The New York Mets’ offseason has been full of more rumors than major transactions, but it sure seems like that will be changing soon enough.
New general manager Brodie Van Wagenen has reportedly agreed to a trade that everyone in the New York media has been talking about for what feels like weeks. You know the details, but here it is one more time:
Full deal is Diaz, Cano and $20M to #Mets for Bruce, Swarzak, Kelenic, Dunn and Bautista. Mets will pay Cano 5 yrs $63M once subtract how much owe Bruce/Swarzak plus $20M
— Joel Sherman (@Joelsherman1) December 2, 2018
This is probably not the kind of first major acquisition many of us were picturing for BVW and his rapidly changing front office, but here we are. In a vacuum, this deal may not make much sense to some. After all, it’s not as if the Mets were just an elite closer away from being a playoff contender.
Sure, manager Mickey Callaway watched his group bounce back after a horrific month of June, but New York still finished fourth in the National League East with a 77-85 record.
And when it came to the future outlook (and spending capacity) of the teams that finished in front of them, a path toward contention seemed difficult. That’s exactly why Van Wagenen was tabbed as the Mets’ newest front-office leader — he didn’t want to rebuild and had some creative ideas behind how the organization could get back to winning ways.
It’s important to view this as just step one of a number of deals BVW and friends plan on making, as the New York Post‘s Mike Puma points out:
Mets people seem impressed with Van Wagenen's energy and creativity. As somebody told me today, it's not "Let's make this move and then see what happens from there." It's more like, 'We'll do this, and once that happens we'll go to this. If that doesn't work we'll do this."
— Mike Puma (@NYPost_Mets) November 30, 2018
This trade alone isn’t going to give the Mets a chance to get back to October, but it’s the first in a series of changes that will eventually get them there. At least, that’s what the front office is hoping for.
Reports are saying the next step in this offseason roster overall could be trading Noah Syndergaard. And just hours after we were still trying to digest that, news dropped that Wilmer Flores was getting non-tendered.
From a fan perspective, I wasn’t necessarily excited to hear either piece of news because I like having them on the team I root for. I’ve watched them play close to every night (or every five days) for a number of years, so in a weird way, they feel like family (and I’m not the best when it comes to change). As I was trying to sort out these feelings, Wayne Randazzo summed it up perfectly:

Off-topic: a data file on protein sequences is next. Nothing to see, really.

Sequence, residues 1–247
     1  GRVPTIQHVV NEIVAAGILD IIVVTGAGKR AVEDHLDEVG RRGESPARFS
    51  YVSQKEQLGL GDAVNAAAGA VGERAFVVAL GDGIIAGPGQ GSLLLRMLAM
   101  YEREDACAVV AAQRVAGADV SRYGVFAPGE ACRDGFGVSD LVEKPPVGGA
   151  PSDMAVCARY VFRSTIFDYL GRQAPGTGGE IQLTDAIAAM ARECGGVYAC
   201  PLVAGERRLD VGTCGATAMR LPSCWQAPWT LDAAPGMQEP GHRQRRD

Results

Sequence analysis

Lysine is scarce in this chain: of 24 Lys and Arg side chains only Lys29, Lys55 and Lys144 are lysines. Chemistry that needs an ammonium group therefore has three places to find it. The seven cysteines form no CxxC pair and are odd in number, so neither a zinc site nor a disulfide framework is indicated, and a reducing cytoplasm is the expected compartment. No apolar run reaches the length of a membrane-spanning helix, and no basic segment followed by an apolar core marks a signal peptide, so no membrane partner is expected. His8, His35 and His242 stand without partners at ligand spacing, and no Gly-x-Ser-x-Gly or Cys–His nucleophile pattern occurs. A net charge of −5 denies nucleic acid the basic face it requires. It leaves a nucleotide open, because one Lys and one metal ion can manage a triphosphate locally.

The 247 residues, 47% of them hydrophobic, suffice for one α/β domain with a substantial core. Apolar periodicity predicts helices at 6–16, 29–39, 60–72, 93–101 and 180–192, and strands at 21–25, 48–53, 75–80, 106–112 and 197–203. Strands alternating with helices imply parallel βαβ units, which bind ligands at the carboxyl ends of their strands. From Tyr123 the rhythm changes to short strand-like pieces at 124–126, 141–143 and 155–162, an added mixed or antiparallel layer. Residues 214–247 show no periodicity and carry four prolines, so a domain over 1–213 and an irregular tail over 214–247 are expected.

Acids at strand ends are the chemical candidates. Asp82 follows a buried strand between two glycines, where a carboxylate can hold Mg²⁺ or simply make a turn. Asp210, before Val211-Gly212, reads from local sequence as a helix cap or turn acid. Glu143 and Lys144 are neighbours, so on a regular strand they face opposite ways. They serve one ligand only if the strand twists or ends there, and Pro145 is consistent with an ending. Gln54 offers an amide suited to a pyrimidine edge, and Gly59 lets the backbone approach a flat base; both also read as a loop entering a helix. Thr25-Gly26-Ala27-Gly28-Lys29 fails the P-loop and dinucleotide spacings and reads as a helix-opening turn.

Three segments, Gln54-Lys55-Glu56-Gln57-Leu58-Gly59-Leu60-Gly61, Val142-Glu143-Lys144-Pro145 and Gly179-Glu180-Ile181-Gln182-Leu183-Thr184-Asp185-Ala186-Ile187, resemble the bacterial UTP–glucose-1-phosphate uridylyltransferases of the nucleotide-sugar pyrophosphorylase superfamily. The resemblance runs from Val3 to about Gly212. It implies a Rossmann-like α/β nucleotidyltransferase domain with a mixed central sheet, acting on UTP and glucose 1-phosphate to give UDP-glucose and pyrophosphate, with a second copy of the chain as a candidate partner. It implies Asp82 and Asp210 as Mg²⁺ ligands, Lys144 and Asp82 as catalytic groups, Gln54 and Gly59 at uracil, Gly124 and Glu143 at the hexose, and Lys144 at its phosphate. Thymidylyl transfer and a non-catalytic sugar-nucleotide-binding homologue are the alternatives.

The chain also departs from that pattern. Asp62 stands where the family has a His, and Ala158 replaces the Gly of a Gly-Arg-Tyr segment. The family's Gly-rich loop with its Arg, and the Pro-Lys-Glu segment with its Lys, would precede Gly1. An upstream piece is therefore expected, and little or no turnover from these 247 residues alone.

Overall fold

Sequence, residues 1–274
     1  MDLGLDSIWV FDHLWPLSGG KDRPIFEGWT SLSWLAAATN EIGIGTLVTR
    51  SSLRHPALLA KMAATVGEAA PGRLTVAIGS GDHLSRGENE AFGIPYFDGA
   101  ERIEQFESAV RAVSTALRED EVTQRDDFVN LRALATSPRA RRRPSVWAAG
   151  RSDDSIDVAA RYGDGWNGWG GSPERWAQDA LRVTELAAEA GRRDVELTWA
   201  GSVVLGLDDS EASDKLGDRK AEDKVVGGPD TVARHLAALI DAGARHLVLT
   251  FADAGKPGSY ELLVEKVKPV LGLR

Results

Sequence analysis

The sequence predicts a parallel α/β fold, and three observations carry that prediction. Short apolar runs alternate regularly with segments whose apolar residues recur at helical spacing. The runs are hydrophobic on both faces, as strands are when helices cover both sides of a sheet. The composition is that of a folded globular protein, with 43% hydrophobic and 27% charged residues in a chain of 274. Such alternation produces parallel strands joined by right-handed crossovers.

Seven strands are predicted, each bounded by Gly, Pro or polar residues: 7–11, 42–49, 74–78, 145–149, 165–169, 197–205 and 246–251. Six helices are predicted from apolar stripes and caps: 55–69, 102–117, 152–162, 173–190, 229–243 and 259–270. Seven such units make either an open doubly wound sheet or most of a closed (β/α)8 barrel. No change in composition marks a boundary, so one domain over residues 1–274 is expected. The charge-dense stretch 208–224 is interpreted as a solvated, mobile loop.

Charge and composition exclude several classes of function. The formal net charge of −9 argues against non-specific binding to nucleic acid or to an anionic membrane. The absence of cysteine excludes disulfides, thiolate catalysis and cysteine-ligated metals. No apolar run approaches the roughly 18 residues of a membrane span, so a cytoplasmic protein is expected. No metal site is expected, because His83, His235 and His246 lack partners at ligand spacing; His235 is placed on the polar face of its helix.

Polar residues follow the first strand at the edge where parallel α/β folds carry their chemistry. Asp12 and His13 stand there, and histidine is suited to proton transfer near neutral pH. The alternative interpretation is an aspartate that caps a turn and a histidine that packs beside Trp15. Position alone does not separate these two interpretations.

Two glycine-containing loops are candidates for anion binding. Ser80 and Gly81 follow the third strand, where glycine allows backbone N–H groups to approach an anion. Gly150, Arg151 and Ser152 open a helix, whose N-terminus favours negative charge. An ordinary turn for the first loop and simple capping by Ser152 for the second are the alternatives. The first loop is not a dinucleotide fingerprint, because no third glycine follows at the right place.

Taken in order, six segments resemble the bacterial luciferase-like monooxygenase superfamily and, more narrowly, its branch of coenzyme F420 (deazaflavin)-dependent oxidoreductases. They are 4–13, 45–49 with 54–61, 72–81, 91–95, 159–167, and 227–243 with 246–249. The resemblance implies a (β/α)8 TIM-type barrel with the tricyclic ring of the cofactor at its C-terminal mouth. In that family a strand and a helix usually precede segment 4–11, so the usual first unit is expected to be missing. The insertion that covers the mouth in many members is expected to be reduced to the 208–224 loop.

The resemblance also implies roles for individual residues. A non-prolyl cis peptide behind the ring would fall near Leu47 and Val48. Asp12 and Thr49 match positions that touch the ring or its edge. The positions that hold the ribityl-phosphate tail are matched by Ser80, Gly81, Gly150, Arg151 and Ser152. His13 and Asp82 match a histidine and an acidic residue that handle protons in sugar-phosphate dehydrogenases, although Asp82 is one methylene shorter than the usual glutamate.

Change can be uncomfortable. You just have to hope it comes with champagne on the other end of it. #Mets
— Wayne Randazzo (@WayneRandazzo) November 30, 2018
Truer words have never been spoken. In a perfect world, I’d like these guys (and others I’ve grown attached to) to stick around. You know what I’m tired of, though? Watching basically the same team take the field and get the same subpar results because the biggest hope is that everyone can stay healthy, which is an unrealistic expectation in today’s game.
Although the Mets experienced on-field success not too long ago, it hasn’t been because of what they’ve accomplished over the offseason. If we take a look at what they’ve done the last few winters (2014, 2015, 2016, 2017, and 2018, all courtesy of MLB Trade Rumors), not many headlines were grabbed.
Only two players were signed to major deals: Curtis Granderson (four years, $60 million) and Yoenis Cespedes (three years at $75 million with the opt-out before his current four-year, $110 million deal). What’s happened in recent years is exactly why everyone always moans and groans about how little New York spends in the game’s biggest media market.
For the first time in what feels like forever, the Mets are truly being bold (not counting the midseason acquisition of Cespedes in 2015). Giving up players we’ve come to admire and prospects who have promise isn’t easy, but you have to give up something you love to get something you want (a chance at a championship). It’s taking some creativity, and at the end of the day, this all may crash and burn. That’s the risk Van Wagenen and his front office is willing to take, but I don’t blame them for trying based on what the recent results have been like.
When it comes to teams who want to win right now, these kinds of risks have to be taken. The Milwaukee Brewers gave up a number of top talent to bring Christian Yelich into the fold, and that’s worked out well so far. This is obviously just one positive example, but it’s a self-fulfilling prophecy — you know what you’re going to get if you don’t try, so you might as well give it your best shot.
Regardless of the actual deal, I’m just glad the Mets are doing something different and making it known that they’re going for it. I like hearing them included in trade or free-agent rumors and finally not thinking it’s complete bologna (although it took until reportedly acquiring Robinson Cano and Edwin Diaz for me to be convinced).
It’s been quite a while since the Mets have given off that feeling of having some “sizzle.” The result could be great and it could be terrible once the dust settles, but I’m happy to know there’s a different process in place while we wait and see.